Recently, I've been reading letters to the editor regarding the new gun-control legislation in this state and the nation in the wake of the Newtown, Conn., massacre.
Truly, it was the act of a sick young adult who committed two felonious acts prior to committing his final act of violence. This should not become a case to punish law-abiding citizens.
A couple of the letters jumped off the pages, though; one by Linda Sweet and an earlier letter by A.J. Zambella.
The writers spout the standard gun-control narrative, "need."
Sweet - "How many guns do you need?"
Answer: It depends on the shooting sports the gun owner enjoys. Turkey, one firearm; deer, another; elk, a third; paper targets, several; for home defense, I can list 30.
Mr. Zambella states as fact, as he sees it: "No one needs to posses any of the aforementioned weaponry except police and the military."
I remind the writer of two things: The military doesn't use the AR-15 and the Second Amendment wasn't written to empower the police or military. It was to equalize the balance of power between the "people" and those who have the weight of "authority."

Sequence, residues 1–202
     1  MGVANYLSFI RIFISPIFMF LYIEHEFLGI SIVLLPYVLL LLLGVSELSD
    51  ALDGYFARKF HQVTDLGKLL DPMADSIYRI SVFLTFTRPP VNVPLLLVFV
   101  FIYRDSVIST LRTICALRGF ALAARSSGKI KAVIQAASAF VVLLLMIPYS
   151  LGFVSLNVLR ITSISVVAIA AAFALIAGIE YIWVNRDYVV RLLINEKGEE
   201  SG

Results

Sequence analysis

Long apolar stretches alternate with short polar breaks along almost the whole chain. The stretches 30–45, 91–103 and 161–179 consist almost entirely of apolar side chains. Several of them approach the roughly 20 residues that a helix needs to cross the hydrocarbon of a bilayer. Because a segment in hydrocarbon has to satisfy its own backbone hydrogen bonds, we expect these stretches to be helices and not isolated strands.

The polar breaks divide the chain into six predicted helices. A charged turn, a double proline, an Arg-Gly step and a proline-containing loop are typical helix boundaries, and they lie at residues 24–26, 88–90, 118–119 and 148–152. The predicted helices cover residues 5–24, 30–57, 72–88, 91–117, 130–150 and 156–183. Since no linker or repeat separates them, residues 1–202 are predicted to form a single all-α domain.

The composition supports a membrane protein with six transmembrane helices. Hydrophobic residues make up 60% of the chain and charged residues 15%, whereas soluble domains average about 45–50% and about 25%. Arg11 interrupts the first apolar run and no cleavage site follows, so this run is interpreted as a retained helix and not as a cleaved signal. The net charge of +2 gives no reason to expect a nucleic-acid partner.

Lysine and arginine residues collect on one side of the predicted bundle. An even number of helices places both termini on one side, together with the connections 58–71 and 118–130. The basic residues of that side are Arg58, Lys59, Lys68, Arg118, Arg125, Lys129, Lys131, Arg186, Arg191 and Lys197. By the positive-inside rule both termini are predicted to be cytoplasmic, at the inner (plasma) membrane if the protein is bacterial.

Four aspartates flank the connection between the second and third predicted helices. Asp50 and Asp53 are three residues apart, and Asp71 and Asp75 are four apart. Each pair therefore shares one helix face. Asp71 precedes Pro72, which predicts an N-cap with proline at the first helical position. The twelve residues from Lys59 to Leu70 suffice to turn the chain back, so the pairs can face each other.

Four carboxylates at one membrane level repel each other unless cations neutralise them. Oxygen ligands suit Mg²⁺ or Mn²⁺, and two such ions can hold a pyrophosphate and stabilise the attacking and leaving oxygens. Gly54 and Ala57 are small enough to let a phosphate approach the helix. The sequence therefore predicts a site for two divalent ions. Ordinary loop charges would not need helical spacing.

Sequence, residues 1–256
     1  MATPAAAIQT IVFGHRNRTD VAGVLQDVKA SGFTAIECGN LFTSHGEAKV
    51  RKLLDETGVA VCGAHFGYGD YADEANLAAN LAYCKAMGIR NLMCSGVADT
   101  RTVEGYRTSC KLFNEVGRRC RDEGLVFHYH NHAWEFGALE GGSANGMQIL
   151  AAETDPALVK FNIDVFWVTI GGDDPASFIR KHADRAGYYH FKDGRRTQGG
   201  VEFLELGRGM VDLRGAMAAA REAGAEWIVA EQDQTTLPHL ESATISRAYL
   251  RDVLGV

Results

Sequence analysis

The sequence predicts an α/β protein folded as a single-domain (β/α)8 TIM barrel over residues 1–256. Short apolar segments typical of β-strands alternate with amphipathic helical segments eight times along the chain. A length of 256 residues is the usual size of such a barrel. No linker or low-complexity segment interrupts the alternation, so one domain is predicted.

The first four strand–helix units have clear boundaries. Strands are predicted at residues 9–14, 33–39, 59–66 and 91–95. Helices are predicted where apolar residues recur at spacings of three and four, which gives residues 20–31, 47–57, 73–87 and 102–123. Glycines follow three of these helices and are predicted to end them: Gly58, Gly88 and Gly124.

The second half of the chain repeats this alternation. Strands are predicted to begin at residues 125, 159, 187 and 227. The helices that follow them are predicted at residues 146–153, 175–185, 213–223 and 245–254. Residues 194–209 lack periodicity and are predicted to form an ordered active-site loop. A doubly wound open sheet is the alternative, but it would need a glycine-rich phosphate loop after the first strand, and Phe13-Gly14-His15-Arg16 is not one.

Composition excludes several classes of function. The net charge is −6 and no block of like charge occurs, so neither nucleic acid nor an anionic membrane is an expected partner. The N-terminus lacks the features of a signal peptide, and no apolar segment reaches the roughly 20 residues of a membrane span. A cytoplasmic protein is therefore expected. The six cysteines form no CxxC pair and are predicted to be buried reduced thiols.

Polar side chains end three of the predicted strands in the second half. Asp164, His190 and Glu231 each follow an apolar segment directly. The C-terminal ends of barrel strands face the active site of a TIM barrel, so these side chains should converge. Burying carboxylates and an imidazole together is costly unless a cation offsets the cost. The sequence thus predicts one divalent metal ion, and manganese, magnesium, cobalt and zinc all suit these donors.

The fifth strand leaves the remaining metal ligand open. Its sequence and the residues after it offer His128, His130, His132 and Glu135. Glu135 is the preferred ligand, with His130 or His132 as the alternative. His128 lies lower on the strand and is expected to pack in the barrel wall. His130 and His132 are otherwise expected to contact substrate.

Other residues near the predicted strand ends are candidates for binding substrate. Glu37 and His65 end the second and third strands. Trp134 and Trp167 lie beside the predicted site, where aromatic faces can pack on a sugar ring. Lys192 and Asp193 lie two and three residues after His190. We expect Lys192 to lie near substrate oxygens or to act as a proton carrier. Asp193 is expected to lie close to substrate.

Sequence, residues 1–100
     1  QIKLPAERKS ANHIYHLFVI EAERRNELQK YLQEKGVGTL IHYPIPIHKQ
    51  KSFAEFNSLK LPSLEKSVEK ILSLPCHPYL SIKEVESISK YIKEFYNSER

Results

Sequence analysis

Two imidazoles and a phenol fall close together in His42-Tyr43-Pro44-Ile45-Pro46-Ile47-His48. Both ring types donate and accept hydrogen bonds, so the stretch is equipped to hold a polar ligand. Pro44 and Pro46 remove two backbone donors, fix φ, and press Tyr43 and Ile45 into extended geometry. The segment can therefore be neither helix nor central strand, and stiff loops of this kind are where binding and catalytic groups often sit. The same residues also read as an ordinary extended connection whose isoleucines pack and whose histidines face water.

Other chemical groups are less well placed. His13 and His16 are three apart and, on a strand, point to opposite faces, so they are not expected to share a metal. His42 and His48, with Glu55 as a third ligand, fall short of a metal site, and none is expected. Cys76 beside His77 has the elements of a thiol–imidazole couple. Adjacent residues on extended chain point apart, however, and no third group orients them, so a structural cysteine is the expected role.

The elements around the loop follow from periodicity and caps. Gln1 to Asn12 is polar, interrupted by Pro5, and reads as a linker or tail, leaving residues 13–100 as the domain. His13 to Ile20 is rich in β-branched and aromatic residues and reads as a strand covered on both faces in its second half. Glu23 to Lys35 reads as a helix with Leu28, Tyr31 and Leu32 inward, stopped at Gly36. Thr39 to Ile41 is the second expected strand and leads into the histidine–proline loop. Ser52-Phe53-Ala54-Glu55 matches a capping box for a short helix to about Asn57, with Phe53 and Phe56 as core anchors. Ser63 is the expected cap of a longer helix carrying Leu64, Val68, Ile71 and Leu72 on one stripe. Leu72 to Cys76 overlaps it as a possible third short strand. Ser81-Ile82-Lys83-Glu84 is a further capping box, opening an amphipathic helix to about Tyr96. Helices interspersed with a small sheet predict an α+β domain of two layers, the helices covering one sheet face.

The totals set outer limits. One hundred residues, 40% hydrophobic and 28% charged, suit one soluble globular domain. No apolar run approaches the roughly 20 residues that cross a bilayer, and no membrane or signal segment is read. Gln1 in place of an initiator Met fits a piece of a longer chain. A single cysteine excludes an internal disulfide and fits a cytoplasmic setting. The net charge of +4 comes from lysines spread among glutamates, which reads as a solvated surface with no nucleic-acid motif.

Government has no authority above that "given" by consent of the governed.
He goes further: "However, the integrity of this amendment has been compromised time and time again. At its conception, assault weapons, 'mega' round magazines, etc., were implausible. It is crucial to constantly acclimate to the changing world."
I remind Mr. Zambella at the time of the writing of the First Amendment, the Internet, cell phones, TV and radio news, the CB, hell, two tin cans with string, were all implausible.
Does he give up his First Amendment rights because in the 18th century it was "implausible" to type on the Internet? Of course not.
A reminder to the authors, per the FBI, blunt objects kill more people per year than AR-15s. A prehistoric weapon - a club, for example - is more widely used to kill than the weapon at Newtown.